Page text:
Languages of trucking go beyond English and French

Avatar photo

A mix of languages are being used by trucking and logistics employees in the workplace, and based on what we heard from industry employers this mix will continue to diversify.

Trucking HR Canada consulted the most recent Census data to determine what languages are being used in the industry, and through employer surveys and interviews we further explored if this mix of languages is being considered by companies as they work to foster effective communication in their workplace.

The following is what we found:  

Languages used

According to a custom cross-tabulation of labor force data from the Census, in almost all trucking and logistics workplaces you will hear one of Canada’s official languages, as over 98% of truck drivers and fleet managers say that they use either English or French at work. This isn’t the whole story, though.

Roughly one quarter of Canadian truck drivers and fleet managers have a non-official language as their mother tongue, as defined by Statistics Canada. Of these most (78% of the truck drivers and 74% of fleet managers) report using a non-official language regularly at work, as defined by Statistics Canada, in addition to one or both official languages.

With a current driver workforce of approximately 291,700, based on current Statistics Canada labor force data, this means we have more than 56,800 employees using a language other than English or French in our workplaces.

Punjabi is, by far, the most common non-official language used in trucking and logistics’ workplaces, accounting for 60% of non-official languages used at work by drivers and 33% for fleet managers. 

After Punjabi, the most common non-official languages used are German, Spanish, Polish, Russian, Mandarin and Cantonese.

Provincial distribution

Ontario is home to almost half of Canada’s drivers and fleet managers who use non-official languages at work.  British Columbia has the second highest, followed by Alberta.

Language diversity by province
(Trucking HR Canada)

Almost 80% of Punjabi speaking drivers are based in Ontario and British Columbia. These provinces are also home to the largest proportions of Mandarin- (64% and 30%) and Cantonese- (62% and 33%) speaking truck drivers. Alberta and Manitoba are home to most of the truck drivers who use German at 55% and 24% respectively.

Language diversity in practice

The majority of language diversity challenges experienced by employers was with their drivers — with more than 40% of survey respondents “agreeing” or “somewhat agreeing” that the language diversity of truck drivers is a real challenge.

Employers indicated that ineffective communication impedes productivity. Examples include tasks taking longer to complete, workers taking longer to explain instructions or relay information, and safety or compliance measures being compromised.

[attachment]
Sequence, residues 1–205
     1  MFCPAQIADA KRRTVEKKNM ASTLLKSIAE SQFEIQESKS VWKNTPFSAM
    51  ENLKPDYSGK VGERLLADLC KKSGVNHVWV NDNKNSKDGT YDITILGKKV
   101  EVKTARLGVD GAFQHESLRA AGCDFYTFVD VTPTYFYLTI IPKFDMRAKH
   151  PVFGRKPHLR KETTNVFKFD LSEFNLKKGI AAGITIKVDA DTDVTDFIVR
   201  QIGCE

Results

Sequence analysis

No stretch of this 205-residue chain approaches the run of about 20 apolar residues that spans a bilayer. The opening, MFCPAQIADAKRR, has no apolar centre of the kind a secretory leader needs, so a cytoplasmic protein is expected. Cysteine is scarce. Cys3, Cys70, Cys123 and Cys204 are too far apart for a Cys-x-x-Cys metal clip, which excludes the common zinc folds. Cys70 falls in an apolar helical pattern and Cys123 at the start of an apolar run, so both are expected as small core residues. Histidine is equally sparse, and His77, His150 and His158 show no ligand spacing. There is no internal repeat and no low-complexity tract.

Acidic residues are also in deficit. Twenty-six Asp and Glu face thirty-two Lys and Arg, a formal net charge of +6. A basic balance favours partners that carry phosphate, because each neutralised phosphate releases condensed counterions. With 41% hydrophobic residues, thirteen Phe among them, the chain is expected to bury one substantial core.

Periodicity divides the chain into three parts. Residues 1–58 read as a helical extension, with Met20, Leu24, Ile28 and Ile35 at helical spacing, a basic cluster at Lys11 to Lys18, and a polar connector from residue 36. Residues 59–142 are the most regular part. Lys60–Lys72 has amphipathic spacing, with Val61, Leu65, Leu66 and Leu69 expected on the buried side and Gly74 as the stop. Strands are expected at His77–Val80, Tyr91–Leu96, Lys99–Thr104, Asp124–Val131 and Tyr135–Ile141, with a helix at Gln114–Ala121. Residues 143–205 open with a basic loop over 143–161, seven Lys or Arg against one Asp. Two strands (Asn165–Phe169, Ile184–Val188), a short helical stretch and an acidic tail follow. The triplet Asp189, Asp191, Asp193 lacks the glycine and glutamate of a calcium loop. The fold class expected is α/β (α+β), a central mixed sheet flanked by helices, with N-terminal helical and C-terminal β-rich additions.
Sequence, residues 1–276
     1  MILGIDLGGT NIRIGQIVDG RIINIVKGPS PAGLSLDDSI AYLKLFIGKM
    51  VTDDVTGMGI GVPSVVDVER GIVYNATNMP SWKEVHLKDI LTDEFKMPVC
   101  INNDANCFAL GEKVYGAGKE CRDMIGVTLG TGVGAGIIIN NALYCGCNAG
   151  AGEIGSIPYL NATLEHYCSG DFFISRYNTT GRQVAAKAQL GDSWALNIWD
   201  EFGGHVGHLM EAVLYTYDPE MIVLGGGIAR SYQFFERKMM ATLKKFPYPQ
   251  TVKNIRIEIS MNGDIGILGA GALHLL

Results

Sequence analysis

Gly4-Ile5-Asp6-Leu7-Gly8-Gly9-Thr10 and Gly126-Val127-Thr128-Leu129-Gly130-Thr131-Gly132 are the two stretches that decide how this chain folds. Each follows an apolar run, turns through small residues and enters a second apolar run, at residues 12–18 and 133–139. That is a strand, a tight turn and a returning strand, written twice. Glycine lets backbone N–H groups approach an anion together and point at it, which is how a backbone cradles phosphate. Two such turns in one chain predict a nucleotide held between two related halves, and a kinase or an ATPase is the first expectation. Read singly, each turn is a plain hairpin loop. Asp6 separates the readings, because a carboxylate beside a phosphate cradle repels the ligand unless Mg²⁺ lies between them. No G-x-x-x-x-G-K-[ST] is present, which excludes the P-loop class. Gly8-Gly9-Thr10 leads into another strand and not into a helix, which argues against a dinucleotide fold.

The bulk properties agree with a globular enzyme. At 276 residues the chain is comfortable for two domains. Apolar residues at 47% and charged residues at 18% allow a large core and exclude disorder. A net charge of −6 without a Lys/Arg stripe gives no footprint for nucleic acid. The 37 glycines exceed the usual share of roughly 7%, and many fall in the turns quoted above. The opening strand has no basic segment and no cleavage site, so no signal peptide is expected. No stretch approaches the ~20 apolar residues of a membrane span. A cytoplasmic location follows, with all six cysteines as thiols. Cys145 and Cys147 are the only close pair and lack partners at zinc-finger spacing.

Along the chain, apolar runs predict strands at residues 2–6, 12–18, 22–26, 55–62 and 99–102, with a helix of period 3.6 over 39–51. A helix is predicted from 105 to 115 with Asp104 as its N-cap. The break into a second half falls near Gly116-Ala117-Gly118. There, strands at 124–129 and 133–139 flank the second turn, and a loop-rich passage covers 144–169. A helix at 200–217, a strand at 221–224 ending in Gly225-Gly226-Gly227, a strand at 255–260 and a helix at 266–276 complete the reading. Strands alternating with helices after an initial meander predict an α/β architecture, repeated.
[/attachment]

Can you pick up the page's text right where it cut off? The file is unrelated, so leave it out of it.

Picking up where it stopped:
This is an important consideration.  With our driver vacancy rate at a record high, increasing productivity of our current workforce is a business imperative.

The industry’s response

Employers are working to build effective lines of communication, and two thirds of survey respondents “agree” or “somewhat agree” that their approach to language diversity is effective.

The most common approach amongst our survey respondents to ensure effective communication within a company’s workforce was to hire managers or supervisors who can speak other languages. Others included:

  • hiring staff in other key positions (ie., dispatcher) who can speak other languages
  • providing language training in French and/ or English
  • posting notices in languages other than French and/ or English
  • encouraging staff to use google translate
  • developing study packets for drivers that display’s information using visuals and that articulates information in a clear and concise way

Effective communication is the foundation of strong workplace cultures that supports safety, driver retention, productivity, and more.  Ensuring your employees can effectively communicate with each other, customers, and others is one approach that can help ensure you continue to succeed on all fronts.

Avatar photo

Craig Faucette is the director of policy and programs at Trucking HR Canada, a national not-for-profit organization dedicated to addressing the human resources challenges and opportunities in the trucking and logistics sector. He has spent his career in the charitable and non-profit world where he has developed expertise in non-profit management, program development and management, and business development. Craig oversees key projects and programs ensuring project objectives and milestones are met on time, and on budget. Feel free to learn more at, subscribe to our newsletter and follow us @TruckingHR for the latest tips, practical resources and more. And we can be reached by e-mail:

Have your say

This is a moderated forum. Comments will no longer be published unless they are accompanied by a first and last name and a verifiable email address. (Today's Trucking will not publish or share the email address.) Profane language and content deemed to be libelous, racist, or threatening in nature will not be published under any circumstances.


  • Not knowing good English for cross border drivers is like not knowing French if driving in Quebec. It makes it more difficult and more dangerous. We need to provide and pay for English training of all foreign workers that come to ont that request it.

  • Great to use other languages, but what are you going to do when your client or emergency services for example don’t speak/understand the language? How are you going to exchange basic or even potent life threatening information?
    English is the universal language of aviation, so it should be in the trucking industry.